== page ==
Why Hollywood Films Need Christian Heroes

Superman, 'Man of Steel'
Superman, 'Man of Steel.'
Christian filmmakers could learn a lesson from The Avengers, Iron Man, Captain America and Man of Steel, and it's this: Audiences want heroes.

The reason The Blind Side was an astounding success is because Sandra Bullock’s character was heroic. Yes, the movie had conflict. There were times when her friends didn’t understand her and the government questioned her motives. But it was entertaining to watch a white Southern Christian woman stand on her principles and show love. It was worth a $12 ticket and the purchase of a DVD.

The Sound of Music featured Julie Andrews in the signature role of her career as Maria, a Catholic-postulate-turned-governess. She was seeking God’s will for her life. She sought to show love. She saved 20th Century Fox from being ruined by Elizabeth Taylor’s conniving Cleopatra.

Too often Christian filmmakers want to tell the prodigal story. Audiences get dragged through the mud of some sinner’s life and are supposed to go home satisfied with their ticket purchase because the sinner repented in the end. It’s a bit like taking medicine. The thought is, “It’s good for you to see this, and some sinner may see it and get saved.”

There’s a place for such movies. They can, and do, minister to some people. However, they don’t do well at the box office. People go to the pharmacy for medicine, not the movies. If God calls you to make a movie on sex-slave trafficking or drug addition, go ahead and do it. Just don’t be disappointed if it only reaches a small audience, and don’t expect to sell it as the next Blind Side

Christians who want to transform Hollywood and see the major studios make more uplifting movies should strive to produce movies that do well at the box office—while being uplifting. This is what makes Hollywood want to change. The huge success of The Bible miniseries on the History Channel and Duck Dynasty on A&E is a major topic of Hollywood conversation.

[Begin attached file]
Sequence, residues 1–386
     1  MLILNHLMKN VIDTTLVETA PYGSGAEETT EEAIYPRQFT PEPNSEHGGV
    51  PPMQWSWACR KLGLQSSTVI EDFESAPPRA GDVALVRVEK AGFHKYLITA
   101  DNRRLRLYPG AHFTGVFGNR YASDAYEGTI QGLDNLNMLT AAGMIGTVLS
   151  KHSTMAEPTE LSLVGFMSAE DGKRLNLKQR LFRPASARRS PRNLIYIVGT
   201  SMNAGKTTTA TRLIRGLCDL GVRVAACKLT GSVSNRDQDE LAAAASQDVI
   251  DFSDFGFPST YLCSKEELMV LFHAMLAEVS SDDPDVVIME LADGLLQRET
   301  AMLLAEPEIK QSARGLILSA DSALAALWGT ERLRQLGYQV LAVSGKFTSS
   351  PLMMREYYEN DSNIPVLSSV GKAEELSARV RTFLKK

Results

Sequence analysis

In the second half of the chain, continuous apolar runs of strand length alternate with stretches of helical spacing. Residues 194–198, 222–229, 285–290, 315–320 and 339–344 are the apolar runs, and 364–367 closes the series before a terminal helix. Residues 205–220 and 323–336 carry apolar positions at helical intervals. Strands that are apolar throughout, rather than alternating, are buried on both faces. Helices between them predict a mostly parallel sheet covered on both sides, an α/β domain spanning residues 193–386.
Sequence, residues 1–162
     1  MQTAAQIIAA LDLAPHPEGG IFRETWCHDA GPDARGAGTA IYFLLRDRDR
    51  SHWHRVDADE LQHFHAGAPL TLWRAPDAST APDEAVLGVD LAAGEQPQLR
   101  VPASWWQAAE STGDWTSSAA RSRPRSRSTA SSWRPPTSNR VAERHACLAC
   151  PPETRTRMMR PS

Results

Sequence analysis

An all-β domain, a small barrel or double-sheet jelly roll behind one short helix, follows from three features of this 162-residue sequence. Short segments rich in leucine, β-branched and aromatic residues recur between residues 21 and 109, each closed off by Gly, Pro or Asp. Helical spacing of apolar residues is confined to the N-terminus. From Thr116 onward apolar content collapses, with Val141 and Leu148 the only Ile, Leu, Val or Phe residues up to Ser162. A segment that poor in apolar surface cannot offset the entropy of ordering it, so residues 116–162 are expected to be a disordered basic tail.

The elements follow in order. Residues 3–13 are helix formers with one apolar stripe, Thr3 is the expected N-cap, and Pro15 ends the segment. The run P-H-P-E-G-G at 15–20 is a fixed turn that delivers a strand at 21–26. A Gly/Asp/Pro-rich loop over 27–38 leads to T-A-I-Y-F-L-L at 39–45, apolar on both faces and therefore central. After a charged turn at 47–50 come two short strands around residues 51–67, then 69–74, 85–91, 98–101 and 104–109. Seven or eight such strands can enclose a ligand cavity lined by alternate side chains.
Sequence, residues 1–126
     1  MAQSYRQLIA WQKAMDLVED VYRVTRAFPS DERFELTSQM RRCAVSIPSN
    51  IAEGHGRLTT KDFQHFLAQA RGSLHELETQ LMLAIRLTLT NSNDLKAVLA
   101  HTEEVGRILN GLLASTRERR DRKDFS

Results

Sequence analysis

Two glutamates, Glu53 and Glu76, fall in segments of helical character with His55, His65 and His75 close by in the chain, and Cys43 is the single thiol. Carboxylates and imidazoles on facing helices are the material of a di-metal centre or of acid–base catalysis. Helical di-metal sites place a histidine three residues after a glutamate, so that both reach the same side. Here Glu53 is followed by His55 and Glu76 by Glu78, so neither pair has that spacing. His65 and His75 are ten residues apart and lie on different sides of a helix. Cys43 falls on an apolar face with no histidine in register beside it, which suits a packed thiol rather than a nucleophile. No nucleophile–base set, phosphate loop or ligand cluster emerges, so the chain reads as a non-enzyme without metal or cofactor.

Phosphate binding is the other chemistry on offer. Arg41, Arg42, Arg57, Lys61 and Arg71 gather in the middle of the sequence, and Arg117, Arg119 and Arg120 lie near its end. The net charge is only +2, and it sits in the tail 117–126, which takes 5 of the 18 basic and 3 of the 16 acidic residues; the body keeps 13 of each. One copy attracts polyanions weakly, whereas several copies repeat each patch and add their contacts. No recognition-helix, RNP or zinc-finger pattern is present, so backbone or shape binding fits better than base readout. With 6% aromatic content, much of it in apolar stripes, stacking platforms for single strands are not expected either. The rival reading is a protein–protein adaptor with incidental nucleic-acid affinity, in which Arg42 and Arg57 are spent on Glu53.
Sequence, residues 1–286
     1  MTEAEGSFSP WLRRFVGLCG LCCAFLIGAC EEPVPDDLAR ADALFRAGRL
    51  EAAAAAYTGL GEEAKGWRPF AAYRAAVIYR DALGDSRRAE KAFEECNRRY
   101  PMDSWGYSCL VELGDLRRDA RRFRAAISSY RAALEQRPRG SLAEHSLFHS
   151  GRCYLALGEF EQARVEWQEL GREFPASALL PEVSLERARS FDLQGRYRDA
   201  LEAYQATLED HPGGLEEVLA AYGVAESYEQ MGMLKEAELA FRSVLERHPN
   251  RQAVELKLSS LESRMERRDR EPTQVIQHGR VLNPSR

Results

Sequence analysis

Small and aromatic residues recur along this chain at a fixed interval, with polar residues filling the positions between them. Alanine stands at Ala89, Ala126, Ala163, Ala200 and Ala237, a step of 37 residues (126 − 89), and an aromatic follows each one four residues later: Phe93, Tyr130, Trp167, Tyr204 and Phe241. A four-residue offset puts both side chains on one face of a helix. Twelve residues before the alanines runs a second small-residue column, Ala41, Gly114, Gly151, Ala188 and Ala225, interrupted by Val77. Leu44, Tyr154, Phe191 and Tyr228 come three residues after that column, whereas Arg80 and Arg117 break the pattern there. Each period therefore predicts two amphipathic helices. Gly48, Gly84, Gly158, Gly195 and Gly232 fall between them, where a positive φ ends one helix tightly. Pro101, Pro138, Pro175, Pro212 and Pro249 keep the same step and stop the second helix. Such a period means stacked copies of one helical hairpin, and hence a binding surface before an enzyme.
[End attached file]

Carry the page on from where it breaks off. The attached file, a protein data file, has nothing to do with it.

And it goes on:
A surprise hit of the 1980s was Chariots of Fire (not made by Christians). Scottish Olympic athlete Eric Liddell played a self-sacrificing, principled Christian hero in contrast to a pride-seeking runner, Harold Abrams. 

Just think of the great “Christian” movies of the golden age of Hollywood. Here are some that topped the box office charts for their respective years:

  • Sergeant York (1941), with Gary Cooper
  • Mrs. Miniver (1942), with Greer Garson
  • Going My Way (1944), with Bing Crosby
  • The Bells of St. Mary's (1945), with Bing Crosby and Ingrid Bergman
  • Quo Vadis (1951), with Robert Taylor and Deborah Kerr
  • The Robe (1953), with Richard Burton
  • The Ten Commandments (1956), with Charlton Heston
  • Ben Hur (1959), also with Charlton Heston

Every one of them had a profound hero played by a major Hollywood star.

The most successful modern Christian movies have heroes:

  • Facing the Giants
  • Fireproof
  • Amazing Grace
  • Courageous
  • Soul Surfer
  • The Passion of the Christ
  • The Lion, the Witch and the Wardrobe
  • The Blind Side

At times, the heroes grow into the role, as with Fireproof, but by the end of the movie you have a principled character you want to tell friends to go see.

Television is the same way. Some of the most successful programs featuring Christian faith had heroes—Christy, Little House on the Prairie, Touched by an Angel, Seventh Heaven and Walker, Texas Ranger. Sure, episodes sometimes dealt with dark issues, but it was a hero facing the challenge.

Hollywood seems to be waking up.

Russell Crowe stars in Noah, which releases March 28. The preview shows him being threatened by a king with an army behind him. The king says, “I have men at my back. You stand alone, and you defy me?” Noah responds, “I am not alone.” I want to see how that plays out. The preview gives you goosebumps. Unless Noah has some flagrant abuses of the biblical story, you can expect it to do huge business.

Bring on the heroes!

David Outten is production editor for Movieguide. This article originally appeared on movieguide.org.

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